Dorothy Wickenden Staff Writer at The New Yorker and Author of The Agitators and Nothing Daunted

About the Author

Dorothy Wickenden, a staff writer at The New Yorker, was the executive editor of the magazine for twenty-six years, and she hosted its podcast The Political Scene from 2007-2022. A former Nieman Fellow at Harvard, Wickenden was the national affairs editor at Newsweek from 1993-1995, and before that was the longtime executive editor at The New Republic.

She is the author of The Agitators: Three Friends Who Fought for Abolition and Women’s Rights, which was named a Los Angeles Times Best Book of the Year, won the Christopher Award, and was a Chautauqua Prize Finalist. The book is a riveting and revelatory historical narrarive, told through the stories of three women – Harriet Tubman, Frances A. Seward, and Martha Coffin Wright – in the years before, during, and after the Civil War. Through richly detailed letters from the time and exhaustive research, Wickenden traces the second American revolution, which these women fought to bring about, the toll it took on their families, and the lasting effects that this transformative period had on the country.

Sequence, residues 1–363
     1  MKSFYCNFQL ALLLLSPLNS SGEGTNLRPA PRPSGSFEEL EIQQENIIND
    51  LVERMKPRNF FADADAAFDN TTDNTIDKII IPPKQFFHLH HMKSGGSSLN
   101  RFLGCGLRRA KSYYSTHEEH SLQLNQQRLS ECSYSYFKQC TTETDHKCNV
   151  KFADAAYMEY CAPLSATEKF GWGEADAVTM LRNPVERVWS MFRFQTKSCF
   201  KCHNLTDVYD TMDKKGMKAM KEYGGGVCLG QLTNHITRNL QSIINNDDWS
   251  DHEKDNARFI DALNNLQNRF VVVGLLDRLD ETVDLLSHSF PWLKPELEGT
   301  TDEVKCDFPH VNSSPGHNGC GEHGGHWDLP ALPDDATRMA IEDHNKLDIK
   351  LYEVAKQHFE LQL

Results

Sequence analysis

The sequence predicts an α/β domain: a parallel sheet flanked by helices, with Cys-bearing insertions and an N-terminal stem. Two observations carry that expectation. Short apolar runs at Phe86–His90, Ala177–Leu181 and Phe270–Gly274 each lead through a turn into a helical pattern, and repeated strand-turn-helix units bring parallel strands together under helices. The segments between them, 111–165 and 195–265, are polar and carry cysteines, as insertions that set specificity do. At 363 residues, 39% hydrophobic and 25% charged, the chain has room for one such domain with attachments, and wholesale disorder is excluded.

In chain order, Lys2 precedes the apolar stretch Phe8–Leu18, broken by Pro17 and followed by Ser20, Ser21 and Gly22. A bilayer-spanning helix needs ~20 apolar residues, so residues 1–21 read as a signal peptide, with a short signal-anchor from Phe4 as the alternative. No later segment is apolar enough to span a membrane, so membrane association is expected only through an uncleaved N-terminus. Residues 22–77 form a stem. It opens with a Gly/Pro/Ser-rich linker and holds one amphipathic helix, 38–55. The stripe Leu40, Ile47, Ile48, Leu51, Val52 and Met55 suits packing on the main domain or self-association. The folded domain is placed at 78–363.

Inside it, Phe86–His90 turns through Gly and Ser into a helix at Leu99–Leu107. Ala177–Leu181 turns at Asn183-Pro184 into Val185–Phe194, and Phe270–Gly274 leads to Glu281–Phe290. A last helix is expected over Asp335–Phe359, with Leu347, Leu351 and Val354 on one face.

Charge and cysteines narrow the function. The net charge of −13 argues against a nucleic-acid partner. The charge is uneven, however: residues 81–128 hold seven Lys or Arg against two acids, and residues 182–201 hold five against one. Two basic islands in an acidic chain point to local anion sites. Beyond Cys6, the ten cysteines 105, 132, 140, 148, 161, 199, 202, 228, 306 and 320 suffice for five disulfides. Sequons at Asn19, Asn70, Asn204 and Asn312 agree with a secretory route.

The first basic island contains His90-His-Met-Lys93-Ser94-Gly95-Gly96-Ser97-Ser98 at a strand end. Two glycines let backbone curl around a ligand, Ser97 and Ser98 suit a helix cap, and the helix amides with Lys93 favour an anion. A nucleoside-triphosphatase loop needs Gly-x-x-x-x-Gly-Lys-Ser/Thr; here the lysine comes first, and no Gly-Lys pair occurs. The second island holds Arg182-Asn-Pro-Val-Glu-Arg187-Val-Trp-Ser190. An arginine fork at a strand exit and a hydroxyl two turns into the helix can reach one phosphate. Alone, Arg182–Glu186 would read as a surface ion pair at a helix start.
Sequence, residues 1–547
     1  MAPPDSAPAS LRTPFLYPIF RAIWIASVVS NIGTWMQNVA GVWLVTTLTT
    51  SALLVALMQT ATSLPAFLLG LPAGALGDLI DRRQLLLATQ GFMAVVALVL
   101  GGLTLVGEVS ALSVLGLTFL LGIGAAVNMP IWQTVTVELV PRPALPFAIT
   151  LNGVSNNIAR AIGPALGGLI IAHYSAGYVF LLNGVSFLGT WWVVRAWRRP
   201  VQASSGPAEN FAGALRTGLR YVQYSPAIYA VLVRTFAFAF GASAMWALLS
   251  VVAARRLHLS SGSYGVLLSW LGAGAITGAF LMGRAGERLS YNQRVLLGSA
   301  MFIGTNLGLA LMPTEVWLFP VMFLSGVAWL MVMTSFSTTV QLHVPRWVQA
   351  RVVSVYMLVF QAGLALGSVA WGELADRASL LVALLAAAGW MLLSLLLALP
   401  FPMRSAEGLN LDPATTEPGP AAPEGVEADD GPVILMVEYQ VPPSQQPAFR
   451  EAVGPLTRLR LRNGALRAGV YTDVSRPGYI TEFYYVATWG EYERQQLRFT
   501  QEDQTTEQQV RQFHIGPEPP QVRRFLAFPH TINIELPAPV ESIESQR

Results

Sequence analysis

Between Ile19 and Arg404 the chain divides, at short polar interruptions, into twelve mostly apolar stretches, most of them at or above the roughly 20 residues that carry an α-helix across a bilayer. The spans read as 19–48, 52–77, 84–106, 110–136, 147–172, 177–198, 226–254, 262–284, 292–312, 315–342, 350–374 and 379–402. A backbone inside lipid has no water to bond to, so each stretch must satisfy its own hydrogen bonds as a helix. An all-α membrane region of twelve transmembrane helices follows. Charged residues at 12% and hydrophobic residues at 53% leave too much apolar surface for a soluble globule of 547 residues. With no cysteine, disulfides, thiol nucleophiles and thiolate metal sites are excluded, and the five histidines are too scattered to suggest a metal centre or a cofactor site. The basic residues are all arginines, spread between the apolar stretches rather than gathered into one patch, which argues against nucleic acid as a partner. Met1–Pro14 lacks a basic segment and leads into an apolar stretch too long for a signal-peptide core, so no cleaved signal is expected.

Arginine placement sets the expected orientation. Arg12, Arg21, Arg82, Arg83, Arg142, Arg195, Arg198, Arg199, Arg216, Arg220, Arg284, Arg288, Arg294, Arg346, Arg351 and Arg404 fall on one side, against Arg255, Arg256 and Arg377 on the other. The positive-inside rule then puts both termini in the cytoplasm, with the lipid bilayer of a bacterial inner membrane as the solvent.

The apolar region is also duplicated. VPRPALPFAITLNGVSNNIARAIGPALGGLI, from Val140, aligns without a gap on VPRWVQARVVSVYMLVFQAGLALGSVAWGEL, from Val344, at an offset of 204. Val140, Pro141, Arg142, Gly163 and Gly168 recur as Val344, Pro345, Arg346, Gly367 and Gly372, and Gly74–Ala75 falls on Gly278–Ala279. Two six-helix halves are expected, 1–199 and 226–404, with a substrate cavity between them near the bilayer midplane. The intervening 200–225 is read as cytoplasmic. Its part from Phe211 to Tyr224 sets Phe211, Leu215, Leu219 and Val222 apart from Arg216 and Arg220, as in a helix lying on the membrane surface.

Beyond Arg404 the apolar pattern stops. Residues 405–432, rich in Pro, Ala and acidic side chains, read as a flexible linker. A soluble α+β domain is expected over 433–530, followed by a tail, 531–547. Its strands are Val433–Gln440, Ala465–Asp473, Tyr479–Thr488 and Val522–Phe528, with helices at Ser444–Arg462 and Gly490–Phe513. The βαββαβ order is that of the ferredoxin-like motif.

Wickenden is also the author of the New York Times bestseller Nothing Daunted: The Unexpected Education of Two Society Girls in the West. It tells the captivating true story of Dorothy Woodruff and Rosamond Underwood, two restless society girls who, bored by formal luncheons, charity work, and the men who courted them, left their families in Auburn, New York, in the summer of 1916 to teach the children of homesteaders at a new school on a remote mountaintop in northwestern Colorado. Nearly a hundred years later, Wickenden, the granddaughter of Dorothy Woodruff, found the teachers’ buoyant letters home, which captured the voices of the settlers, the students, and other unforgettable pioneers the women got to know. Nothing Daunted is an exhilarating saga about two eastern women who were changed forever by their year in the still-Wild West.